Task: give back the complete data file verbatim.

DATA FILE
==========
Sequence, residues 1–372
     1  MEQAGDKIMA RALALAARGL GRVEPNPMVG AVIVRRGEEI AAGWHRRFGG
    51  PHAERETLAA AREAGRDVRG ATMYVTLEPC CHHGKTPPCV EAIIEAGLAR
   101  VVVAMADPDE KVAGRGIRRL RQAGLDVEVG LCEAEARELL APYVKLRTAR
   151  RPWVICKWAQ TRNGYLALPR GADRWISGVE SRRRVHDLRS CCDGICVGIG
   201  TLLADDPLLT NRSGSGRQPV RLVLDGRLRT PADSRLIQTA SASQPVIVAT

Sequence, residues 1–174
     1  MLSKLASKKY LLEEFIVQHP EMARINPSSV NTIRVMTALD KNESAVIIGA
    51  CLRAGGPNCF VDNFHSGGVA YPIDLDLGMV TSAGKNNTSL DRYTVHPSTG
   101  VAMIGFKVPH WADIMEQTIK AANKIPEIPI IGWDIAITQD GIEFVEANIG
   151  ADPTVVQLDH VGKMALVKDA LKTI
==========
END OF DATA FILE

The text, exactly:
Sequence, residues 1–372
     1  MEQAGDKIMA RALALAARGL GRVEPNPMVG AVIVRRGEEI AAGWHRRFGG
    51  PHAERETLAA AREAGRDVRG ATMYVTLEPC CHHGKTPPCV EAIIEAGLAR
   101  VVVAMADPDE KVAGRGIRRL RQAGLDVEVG LCEAEARELL APYVKLRTAR
   151  RPWVICKWAQ TRNGYLALPR GADRWISGVE SRRRVHDLRS CCDGICVGIG
   201  TLLADDPLLT NRSGSGRQPV RLVLDGRLRT PADSRLIQTA SASQPVIVAT

Sequence, residues 1–174
     1  MLSKLASKKY LLEEFIVQHP EMARINPSSV NTIRVMTALD KNESAVIIGA
    51  CLRAGGPNCF VDNFHSGGVA YPIDLDLGMV TSAGKNNTSL DRYTVHPSTG
   101  VAMIGFKVPH WADIMEQTIK AANKIPEIPI IGWDIAITQD GIEFVEANIG
   151  ADPTVVQLDH VGKMALVKDA LKTI